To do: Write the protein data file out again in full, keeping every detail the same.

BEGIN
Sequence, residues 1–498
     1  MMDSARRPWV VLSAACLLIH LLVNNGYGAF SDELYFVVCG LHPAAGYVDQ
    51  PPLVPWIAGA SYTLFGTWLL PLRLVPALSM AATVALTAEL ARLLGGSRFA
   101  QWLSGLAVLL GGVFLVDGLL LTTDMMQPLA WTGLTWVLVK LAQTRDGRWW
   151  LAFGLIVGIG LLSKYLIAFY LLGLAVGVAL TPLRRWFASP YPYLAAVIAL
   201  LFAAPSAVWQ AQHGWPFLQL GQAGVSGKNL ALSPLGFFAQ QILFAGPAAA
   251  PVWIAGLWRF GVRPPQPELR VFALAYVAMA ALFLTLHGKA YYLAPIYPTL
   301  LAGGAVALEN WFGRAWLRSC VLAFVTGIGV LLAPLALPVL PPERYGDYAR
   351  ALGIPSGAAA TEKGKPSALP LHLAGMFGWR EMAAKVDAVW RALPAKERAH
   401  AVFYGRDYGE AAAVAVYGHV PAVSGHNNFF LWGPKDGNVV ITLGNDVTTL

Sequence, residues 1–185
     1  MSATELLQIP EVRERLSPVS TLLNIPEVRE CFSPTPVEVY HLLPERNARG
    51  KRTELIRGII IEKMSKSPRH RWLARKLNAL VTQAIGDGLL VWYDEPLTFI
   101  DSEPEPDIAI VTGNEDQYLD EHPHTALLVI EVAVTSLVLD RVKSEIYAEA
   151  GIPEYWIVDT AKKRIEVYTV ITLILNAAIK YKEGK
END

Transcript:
Sequence, residues 1–498
     1  MMDSARRPWV VLSAACLLIH LLVNNGYGAF SDELYFVVCG LHPAAGYVDQ
    51  PPLVPWIAGA SYTLFGTWLL PLRLVPALSM AATVALTAEL ARLLGGSRFA
   101  QWLSGLAVLL GGVFLVDGLL LTTDMMQPLA WTGLTWVLVK LAQTRDGRWW
   151  LAFGLIVGIG LLSKYLIAFY LLGLAVGVAL TPLRRWFASP YPYLAAVIAL
   201  LFAAPSAVWQ AQHGWPFLQL GQAGVSGKNL ALSPLGFFAQ QILFAGPAAA
   251  PVWIAGLWRF GVRPPQPELR VFALAYVAMA ALFLTLHGKA YYLAPIYPTL
   301  LAGGAVALEN WFGRAWLRSC VLAFVTGIGV LLAPLALPVL PPERYGDYAR
   351  ALGIPSGAAA TEKGKPSALP LHLAGMFGWR EMAAKVDAVW RALPAKERAH
   401  AVFYGRDYGE AAAVAVYGHV PAVSGHNNFF LWGPKDGNVV ITLGNDVTTL

Sequence, residues 1–185
     1  MSATELLQIP EVRERLSPVS TLLNIPEVRE CFSPTPVEVY HLLPERNARG
    51  KRTELIRGII IEKMSKSPRH RWLARKLNAL VTQAIGDGLL VWYDEPLTFI
   101  DSEPEPDIAI VTGNEDQYLD EHPHTALLVI EVAVTSLVLD RVKSEIYAEA
   151  GIPEYWIVDT AKKRIEVYTV ITLILNAAIK YKEGK